Two new reports on the Marshall Islands suggest why out-migration to the United States continues at a steady pace, with communities of Marshall Islanders growing in as many as 10 U.S. states.

While employment levels in the Marshall Islands government have grown, jobs in the private sector declined dramatically in fiscal year 2015, according to the Marshall Islands Fiscal Year 2015 Preliminary Economic Review issued earlier this month by the Graduate School USA. Employment figures for the Marshall Islands show that private sector jobs peaked at nearly 5,000 in FY 2010 and steadily dropped to about 4,200 by FY 2015.


Highest poverty rate in the Pacific islands

A second report, issued last week by the Asian Development Bank, says the Marshall Islands has the highest poverty rate in the Pacific islands.

The main drivers of the job losses are at the Pan Pacific Foods tuna loining plant that in 2010 average over 400 workers a day, said the Graduate School USA annual economic review of the Marshall Islands.

“However, the supply of labor (at the tuna plant) contracted in FY 2011-FY 2015 and the daily average had fallen to 168 by FY 2015,” the report said. “The labor shortages at the plant and falling construction demand led to a reduction in private sector employment in FY2011, and these trends have continued since then through the subsequent four years.”

Last year was a particularly bad year for business sector employment, as the number of jobs “dropped by a large 6.9 percent,” most of this from the fisheries sector, the report said.


Private sector added just 215 new jobs in 11 years

From the start of the second financial aid package in the Compact of Free Association in 2004, 929 new jobs in government were added, while private sector job numbers increased by only 215. This translates to just 19 new jobs annually in the private sector in the 11 years since the second Compact started.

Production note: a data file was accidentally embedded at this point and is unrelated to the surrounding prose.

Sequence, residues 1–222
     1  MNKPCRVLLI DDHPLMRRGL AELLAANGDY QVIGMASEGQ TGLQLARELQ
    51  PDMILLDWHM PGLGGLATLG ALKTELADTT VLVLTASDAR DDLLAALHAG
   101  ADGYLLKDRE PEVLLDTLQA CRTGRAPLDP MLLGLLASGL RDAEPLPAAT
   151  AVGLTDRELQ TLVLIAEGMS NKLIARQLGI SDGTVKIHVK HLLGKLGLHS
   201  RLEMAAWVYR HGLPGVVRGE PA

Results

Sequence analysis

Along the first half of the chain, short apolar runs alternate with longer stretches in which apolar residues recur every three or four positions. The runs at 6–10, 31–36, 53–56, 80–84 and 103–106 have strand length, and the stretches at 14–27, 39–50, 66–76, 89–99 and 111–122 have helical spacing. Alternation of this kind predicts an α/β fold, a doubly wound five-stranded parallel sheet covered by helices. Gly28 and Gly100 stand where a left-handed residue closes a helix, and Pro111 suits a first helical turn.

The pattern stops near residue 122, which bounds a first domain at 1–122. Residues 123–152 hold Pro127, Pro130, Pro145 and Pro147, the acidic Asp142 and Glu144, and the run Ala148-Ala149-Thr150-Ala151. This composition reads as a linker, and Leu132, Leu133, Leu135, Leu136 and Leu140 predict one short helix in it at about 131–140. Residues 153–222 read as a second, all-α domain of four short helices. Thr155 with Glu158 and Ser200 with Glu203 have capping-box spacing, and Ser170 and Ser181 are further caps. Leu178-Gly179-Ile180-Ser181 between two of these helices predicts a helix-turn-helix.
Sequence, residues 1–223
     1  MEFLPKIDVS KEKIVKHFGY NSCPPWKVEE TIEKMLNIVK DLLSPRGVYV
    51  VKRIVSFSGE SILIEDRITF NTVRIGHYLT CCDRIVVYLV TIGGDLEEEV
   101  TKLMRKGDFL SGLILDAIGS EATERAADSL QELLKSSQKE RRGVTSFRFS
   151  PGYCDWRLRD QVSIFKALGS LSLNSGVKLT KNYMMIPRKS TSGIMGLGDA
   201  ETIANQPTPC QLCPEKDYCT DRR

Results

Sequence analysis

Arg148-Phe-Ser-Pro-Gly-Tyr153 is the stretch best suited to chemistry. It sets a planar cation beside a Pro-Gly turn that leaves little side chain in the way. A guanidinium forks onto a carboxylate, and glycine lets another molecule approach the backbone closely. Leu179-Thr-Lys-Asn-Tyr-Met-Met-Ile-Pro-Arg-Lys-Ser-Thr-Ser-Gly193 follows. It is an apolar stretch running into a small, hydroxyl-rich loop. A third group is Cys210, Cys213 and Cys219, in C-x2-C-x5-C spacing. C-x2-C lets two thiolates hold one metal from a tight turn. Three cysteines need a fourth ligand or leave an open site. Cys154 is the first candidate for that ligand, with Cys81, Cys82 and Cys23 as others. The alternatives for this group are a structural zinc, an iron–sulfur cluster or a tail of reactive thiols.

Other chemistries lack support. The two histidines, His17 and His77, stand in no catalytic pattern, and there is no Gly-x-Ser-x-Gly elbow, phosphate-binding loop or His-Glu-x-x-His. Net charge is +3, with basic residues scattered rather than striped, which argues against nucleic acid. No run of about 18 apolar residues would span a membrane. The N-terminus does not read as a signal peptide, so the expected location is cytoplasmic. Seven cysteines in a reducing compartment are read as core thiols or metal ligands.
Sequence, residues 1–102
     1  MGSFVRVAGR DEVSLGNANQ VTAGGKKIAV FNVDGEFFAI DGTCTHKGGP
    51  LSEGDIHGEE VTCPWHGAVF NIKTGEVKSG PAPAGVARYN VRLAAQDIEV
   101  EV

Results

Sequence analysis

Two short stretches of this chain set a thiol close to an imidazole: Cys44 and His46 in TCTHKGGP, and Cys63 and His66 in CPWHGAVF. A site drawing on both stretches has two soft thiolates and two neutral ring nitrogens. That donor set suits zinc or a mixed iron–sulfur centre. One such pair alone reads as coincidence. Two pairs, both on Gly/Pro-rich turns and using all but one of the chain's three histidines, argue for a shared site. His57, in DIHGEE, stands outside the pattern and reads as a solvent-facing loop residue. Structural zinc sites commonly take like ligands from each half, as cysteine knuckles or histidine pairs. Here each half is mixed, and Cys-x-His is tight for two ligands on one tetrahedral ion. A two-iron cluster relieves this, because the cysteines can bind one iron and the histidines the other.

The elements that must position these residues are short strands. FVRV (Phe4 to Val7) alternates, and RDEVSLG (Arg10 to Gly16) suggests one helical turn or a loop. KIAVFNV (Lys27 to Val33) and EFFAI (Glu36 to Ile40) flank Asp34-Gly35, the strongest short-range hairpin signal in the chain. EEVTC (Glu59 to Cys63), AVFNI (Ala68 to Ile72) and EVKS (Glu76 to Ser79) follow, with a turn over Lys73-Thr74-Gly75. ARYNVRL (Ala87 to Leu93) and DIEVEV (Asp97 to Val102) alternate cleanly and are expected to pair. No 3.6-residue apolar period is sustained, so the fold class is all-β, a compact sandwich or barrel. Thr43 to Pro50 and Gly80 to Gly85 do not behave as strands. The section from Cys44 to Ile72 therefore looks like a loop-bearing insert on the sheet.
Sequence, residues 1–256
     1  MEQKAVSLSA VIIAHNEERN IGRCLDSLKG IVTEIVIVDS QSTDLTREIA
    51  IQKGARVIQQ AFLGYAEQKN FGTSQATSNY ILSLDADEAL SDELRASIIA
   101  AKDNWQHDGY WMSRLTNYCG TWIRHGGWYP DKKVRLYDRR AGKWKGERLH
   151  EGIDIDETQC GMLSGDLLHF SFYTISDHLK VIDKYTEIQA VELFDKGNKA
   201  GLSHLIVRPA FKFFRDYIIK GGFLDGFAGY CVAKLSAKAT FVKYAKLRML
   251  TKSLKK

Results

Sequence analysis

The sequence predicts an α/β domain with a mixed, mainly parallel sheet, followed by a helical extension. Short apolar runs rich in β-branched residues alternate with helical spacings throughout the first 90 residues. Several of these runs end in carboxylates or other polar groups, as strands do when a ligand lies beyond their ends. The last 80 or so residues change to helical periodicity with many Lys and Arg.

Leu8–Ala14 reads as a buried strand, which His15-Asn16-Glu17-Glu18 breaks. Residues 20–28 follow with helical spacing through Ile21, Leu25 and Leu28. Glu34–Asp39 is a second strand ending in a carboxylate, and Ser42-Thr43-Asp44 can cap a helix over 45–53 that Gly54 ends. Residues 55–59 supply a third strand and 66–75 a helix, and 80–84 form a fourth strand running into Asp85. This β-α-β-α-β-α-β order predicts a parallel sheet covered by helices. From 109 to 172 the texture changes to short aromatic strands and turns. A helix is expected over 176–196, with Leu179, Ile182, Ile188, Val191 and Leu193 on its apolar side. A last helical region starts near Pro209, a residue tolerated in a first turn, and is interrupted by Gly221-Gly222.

This demonstrates the reliance of this country’s economy on the public sector for job creation. But private sector gains in this period, modest though they may be, were “offset by the reduction in operations and demand for employment at the Kwajalein base by 534 jobs (cut by the U.S. Army),” the report said.


About 10,000 Marshallese work at poultry-packing plants in Arkansas

Over half the Marshall Islands population lives below the national poverty line, said ADB. This is the highest poverty rate in the Pacific, according to the ADB, which said the island country facing the next worse incidence of poverty is Timor-Leste. The Federated States of Micronesia’s and Fiji’s poverty rate are pegged at 31 percent, while other island countries are in the 20-30 percent range: Cook Islands and Papua New Guinea (28), Samoa (27), Tuvalu (26), Nauru and Palau (25), Solomon Islands and Tonga (23) and Kiribati (22).

The ADB said that 60 percent of the Marshall Islands population aged 15 years and above is unemployed.

An estimated 10,000 Marshall Islanders live in Northwest Arkansas, working in numerous poultry packing and other factories in the area. There are other significant size communities of Marshall Islanders in Oklahoma, Missouri, California, Oregon and Washington.